Smoothie
Blueberry smoothie
Smoothie and blender
Smoothie bar in South Africa

A smoothie (occasionally spelled smoothee or smoothy) is a thick beverage made from blended raw fruit or vegetables with other ingredients such as water, ice, or sweeteners.

Added ingredients

In addition to blended fruit/vegetables, smoothies may include other ingredients such as water, crushed ice, fruit juice, sweeteners (e.g. honey, sugar, syrup), dairy products (e.g. milk, yogurt, low fat or cottage cheese, whey powder), plant milk, nuts, nut butter, seeds, tea, chocolate, herbal supplements, or nutritional supplements.

A smoothie containing dairy products is similar to a vegetable milkshake, though the latter typically contains less fruit and often contains ice cream.

Health

The health of a smoothie depends on its ingredients. Many smoothies include large servings of fruits and vegetables which are recommended in a healthful diet. However, too many sweet fruits can lead to too much sugar.[1] Similarly, ingredients such as protein powders, sweeteners, or ice cream are often used in smoothie recipes, but are not necessarily healthful.

Smoothies include dietary fiber (e.g. pulp, often also skin and seeds) and so are thicker than fruit juice, with a consistency similar to a milkshake. The fiber makes smoothies more healthful than fruit juice alone.[2] Smoothies--particularly green smoothies (which include vegetables)--are often marketed to health-conscious people, for example as a healthier alternative to milkshakes.

Some commercial smoothies, however, have added sugar, which can more than double their carbohydrate content. The fact that smoothies can be quickly swallowed without chewing makes them less effective in providing a lasting hunger-inhibiting effect than eating the raw fruit/vegetables they contain.

Green smoothies

Green smoothie preparation

Green smoothies typically consist of 40-50%[3][4][5] green vegetables--usually raw leafy vegetables such as spinach, kale, swiss chard, collard greens, celery, parsley, or broccoli--with the remaining ingredients being mostly or entirely fruit.[6] Most green leafy vegetables are bitter when served raw, but this can be ameliorated with a suitable choice of vegetables (e.g. baby spinach is almost flavourless) or fruit (e.g. banana softens both the flavour and texture). Green smoothies have been growing rapidly in popular culture since the early 2000s.[7]

Some blender manufacturers specifically target their products towards making green smoothies and provide a booklet of green smoothie recipes.[8]

Around the world

Smoothie Almond Buttery Berry- Berries, Banana, Chia Seeds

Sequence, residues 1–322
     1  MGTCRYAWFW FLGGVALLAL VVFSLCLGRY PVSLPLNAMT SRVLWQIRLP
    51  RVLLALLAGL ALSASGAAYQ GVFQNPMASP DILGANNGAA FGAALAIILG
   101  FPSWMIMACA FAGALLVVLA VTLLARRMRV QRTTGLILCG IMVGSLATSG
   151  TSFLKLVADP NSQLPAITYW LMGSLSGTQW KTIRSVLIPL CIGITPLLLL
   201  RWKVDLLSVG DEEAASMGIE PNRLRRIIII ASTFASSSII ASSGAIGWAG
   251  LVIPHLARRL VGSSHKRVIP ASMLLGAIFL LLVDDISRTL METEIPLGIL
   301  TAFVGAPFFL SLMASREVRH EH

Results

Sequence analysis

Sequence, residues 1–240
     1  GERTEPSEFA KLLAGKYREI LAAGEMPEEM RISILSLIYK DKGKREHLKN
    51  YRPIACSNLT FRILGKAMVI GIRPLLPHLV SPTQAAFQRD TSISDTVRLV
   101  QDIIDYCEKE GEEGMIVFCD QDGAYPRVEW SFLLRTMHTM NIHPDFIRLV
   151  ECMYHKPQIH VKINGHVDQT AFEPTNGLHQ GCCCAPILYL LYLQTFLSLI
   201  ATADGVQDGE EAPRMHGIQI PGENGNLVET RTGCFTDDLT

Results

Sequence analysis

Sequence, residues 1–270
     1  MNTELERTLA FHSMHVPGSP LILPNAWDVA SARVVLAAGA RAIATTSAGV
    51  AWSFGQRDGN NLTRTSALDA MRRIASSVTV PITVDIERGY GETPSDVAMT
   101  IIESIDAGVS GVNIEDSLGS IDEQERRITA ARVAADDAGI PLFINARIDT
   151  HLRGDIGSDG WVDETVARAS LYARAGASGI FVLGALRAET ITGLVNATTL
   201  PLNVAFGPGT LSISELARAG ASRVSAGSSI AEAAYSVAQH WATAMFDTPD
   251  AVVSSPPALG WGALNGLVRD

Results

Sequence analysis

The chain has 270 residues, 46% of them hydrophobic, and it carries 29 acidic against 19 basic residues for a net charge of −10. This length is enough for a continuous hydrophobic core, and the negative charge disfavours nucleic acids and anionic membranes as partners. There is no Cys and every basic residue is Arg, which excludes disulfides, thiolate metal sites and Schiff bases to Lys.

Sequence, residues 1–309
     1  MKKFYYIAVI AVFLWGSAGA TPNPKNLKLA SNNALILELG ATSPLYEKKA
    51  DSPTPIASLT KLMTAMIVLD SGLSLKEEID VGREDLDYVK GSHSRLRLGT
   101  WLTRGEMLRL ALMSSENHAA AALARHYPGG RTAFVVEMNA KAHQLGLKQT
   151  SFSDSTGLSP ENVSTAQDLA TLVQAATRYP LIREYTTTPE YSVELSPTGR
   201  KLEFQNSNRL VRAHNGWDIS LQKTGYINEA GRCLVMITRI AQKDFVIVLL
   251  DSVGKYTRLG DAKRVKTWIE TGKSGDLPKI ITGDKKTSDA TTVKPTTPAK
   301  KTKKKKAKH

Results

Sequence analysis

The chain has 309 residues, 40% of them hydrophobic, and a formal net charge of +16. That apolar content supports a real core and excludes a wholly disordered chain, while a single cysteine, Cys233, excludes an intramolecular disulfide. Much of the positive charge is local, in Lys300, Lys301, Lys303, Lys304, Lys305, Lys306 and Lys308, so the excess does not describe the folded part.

Smoothies have become increasingly popular worldwide since the 1990s,[9] due in part to being factory-produced (usually in bottles), enabling them to be sold via supermarkets and other mass-market outlets. However, they have a much longer history in various countries.

United States

Health food stores on the West Coast of the United States began selling smoothies in the 1930s, thanks to the invention of the electric blender.[10] The actual term "smoothie" was in use in recipes and trademarks by the mid-1930s.

By the late 1960s, smoothies were widely sold across the US by ice cream vendors as well as health food stores. They were mainly made from fruit, fruit juice, and ice, though from the early 1970s, ice milk was sometimes added to create the "fruit shake".

In 1973, Steve Kuhnau founded Smoothie King. He set up numerous smoothie bars across the United States and popularized adding ingredients such as vitamins and protein powder into the smoothies. As smoothies became more popular and prominent, large companies decided to make pre-bottled smoothies and sell them in supermarkets.[]

Other countries

Many types of smoothies are found in Indian, Mediterranean, and Middle Eastern cuisine. Fruit sharbats (a popular West and South Asian drink) typically include yogurt and honey. In India, the mango lassi is a smoothie or milkshake comprising crushed ice, yogurt, and sometimes sugar; in South India, pineapple smoothies using crushed ice and sugar (without yogurt) are more popular. Smoothies are also mixed with soft drinks or alcohol to make cocktails.

See also

References

  1. ^ Boseley, Sarah (2013-09-07). "Smoothies and fruit juices are a new risk to health, US scientists warn". The Guardian. ISSN 0261-3077. Retrieved . 
  2. ^ Choices, NHS. "5 A DAY FAQs - Live Well - NHS Choices". www.nhs.uk. Retrieved . 
  3. ^ Boutenko, Victoria "Ode to a Green Smoothie", first published 2005 newsletter, RawFamily.com. Reprinted in Kyssa, Natasha (2009). The SimplyRaw Living Foods Detox Manual, beginning p.29. ISBN 1-55152-250-0.
  4. ^ Zavasta, Tonya (2009), "Smooth Moves: Enjoy the Benefit of Green Smoothies and Puddings", Raw Food and Hot Yoga, p. 39, ISBN 0-9742434-9-3, A green smoothie...is a mixture of about 60 percent fruit and 40 percent leafy greens blended together in a delicious, nourishing beverage. 
  5. ^ Smith Jones, Susan (2008). Health Bliss, p.179. ISBN 1-4019-1241-9. "...about 50-60 percent fruit and 40-50 percent greens."
  6. ^ Caldwell, Kim (2009) How Green Smoothies Saved My Life: A Guide for Using Green Smoothies, Uplifted Thinking, and Live Food to Enhance Your Life, p.12. ISBN 0-615-30290-4.
  7. ^ "Google Ngram Viewer". Google Books. Retrieved . 
  8. ^ (Nov 2008 - Jan 2009). Organic Gardening, p.44. Vol. 56, No. 1. ISSN 1536-108X.
  9. ^ "Google Ngram Viewer". books.google.com. Retrieved . 
  10. ^ Brown, Ellen (2005). The Complete Idiot's Guide to Smoothies. p. 3. ISBN 1-59257-318-5. 

Further reading

External links


  This article uses material from the Wikipedia page available here. It is released under the Creative Commons Attribution-Share-Alike License 3.0.


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